Part of Advances in Neural Information Processing Systems 30 (NIPS 2017)
Christos Louizos, Uri Shalit, Joris M. Mooij, David Sontag, Richard Zemel, Max Welling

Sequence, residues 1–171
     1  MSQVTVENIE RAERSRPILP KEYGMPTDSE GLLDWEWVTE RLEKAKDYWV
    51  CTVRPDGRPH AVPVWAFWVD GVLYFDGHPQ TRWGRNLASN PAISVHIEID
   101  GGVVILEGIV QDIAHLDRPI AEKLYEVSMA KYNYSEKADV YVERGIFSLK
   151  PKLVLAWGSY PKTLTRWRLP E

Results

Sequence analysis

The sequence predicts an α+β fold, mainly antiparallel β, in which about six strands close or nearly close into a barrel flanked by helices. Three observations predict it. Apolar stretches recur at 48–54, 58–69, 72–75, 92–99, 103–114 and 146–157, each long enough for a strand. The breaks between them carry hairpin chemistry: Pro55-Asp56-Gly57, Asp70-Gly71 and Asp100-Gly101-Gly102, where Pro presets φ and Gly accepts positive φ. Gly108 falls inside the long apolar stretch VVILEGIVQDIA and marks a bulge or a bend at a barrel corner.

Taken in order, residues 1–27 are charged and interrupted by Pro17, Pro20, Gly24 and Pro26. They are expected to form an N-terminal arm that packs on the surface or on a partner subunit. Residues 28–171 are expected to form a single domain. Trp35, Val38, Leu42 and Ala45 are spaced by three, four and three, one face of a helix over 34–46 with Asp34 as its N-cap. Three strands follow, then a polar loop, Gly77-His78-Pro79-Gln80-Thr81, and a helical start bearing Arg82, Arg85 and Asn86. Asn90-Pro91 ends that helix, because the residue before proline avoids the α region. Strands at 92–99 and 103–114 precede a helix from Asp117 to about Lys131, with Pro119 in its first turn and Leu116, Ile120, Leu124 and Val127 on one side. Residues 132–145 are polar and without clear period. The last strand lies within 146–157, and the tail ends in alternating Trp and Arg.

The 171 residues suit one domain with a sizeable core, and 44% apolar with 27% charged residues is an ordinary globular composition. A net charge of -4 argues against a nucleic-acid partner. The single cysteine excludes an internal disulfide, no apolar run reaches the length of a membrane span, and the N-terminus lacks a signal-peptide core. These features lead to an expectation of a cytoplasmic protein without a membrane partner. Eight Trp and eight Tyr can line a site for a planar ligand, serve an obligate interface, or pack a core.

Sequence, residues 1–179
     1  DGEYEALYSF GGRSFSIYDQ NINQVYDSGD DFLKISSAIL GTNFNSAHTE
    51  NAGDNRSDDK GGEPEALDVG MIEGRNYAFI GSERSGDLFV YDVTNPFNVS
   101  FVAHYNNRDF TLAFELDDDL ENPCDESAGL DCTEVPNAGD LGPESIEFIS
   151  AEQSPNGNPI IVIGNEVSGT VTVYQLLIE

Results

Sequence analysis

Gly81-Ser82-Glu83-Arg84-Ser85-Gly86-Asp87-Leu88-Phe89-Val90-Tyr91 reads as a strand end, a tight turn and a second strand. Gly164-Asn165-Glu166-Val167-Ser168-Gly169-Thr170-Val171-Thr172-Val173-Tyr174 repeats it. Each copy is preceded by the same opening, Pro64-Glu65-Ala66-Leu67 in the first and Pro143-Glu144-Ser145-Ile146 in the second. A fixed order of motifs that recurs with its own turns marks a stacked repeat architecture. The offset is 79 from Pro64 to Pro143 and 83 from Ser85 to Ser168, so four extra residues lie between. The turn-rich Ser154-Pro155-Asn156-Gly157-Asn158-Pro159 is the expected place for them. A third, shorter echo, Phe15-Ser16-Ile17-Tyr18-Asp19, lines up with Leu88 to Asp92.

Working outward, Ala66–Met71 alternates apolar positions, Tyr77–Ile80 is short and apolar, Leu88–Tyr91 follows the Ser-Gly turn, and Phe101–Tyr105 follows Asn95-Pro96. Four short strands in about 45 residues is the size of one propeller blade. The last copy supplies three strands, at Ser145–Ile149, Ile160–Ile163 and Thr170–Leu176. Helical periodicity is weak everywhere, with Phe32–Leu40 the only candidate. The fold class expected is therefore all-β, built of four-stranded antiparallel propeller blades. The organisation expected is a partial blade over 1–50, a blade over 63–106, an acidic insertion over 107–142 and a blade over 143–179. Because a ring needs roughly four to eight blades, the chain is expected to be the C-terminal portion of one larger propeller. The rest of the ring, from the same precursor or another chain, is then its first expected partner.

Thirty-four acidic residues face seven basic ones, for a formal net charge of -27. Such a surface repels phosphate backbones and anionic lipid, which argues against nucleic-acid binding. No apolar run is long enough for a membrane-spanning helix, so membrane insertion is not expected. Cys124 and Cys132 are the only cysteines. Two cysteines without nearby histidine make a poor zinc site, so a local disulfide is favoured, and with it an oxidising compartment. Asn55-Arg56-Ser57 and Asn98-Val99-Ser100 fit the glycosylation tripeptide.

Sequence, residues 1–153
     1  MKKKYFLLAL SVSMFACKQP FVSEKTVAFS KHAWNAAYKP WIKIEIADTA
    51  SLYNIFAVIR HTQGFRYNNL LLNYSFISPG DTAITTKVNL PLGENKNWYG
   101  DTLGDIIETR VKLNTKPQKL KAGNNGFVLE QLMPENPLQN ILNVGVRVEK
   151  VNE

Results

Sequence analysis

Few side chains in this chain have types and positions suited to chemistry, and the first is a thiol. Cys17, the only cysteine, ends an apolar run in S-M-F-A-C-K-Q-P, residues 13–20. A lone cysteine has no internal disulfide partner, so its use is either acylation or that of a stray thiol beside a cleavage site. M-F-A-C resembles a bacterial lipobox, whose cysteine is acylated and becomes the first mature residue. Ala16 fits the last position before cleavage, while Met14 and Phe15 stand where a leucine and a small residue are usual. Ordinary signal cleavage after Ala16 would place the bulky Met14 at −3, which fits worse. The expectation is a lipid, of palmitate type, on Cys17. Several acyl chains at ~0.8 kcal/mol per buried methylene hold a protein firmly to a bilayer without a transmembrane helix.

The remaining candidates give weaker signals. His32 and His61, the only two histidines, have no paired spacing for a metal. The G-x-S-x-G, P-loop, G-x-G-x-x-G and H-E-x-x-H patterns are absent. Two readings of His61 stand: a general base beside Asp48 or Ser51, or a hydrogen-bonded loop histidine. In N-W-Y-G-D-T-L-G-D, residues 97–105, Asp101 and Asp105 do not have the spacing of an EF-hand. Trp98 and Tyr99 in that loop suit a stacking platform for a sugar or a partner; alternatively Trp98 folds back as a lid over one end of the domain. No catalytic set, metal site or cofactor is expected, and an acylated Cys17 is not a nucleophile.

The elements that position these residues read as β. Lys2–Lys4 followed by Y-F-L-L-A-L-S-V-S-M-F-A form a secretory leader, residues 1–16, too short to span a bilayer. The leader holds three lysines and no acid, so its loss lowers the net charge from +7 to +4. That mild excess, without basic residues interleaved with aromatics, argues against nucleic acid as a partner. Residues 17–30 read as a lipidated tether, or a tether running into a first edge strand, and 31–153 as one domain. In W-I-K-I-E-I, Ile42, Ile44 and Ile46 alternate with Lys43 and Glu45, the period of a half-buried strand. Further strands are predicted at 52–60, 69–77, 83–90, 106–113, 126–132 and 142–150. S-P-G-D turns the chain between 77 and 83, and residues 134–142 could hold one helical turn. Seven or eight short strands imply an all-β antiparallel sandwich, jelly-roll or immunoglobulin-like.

Learning individual-level causal effects from observational data, such as inferring the most effective medication for a specific patient, is a problem of growing importance for policy makers. The most important aspect of inferring causal effects from observational data is the handling of confounders, factors that affect both an intervention and its outcome. A carefully designed observational study attempts to measure all important confounders. However, even if one does not have direct access to all confounders, there may exist noisy and uncertain measurement of proxies for confounders. We build on recent advances in latent variable modeling to simultaneously estimate the unknown latent space summarizing the confounders and the causal effect. Our method is based on Variational Autoencoders (VAE) which follow the causal structure of inference with proxies. We show our method is significantly more robust than existing methods, and matches the state-of-the-art on previous benchmarks focused on individual treatment effects.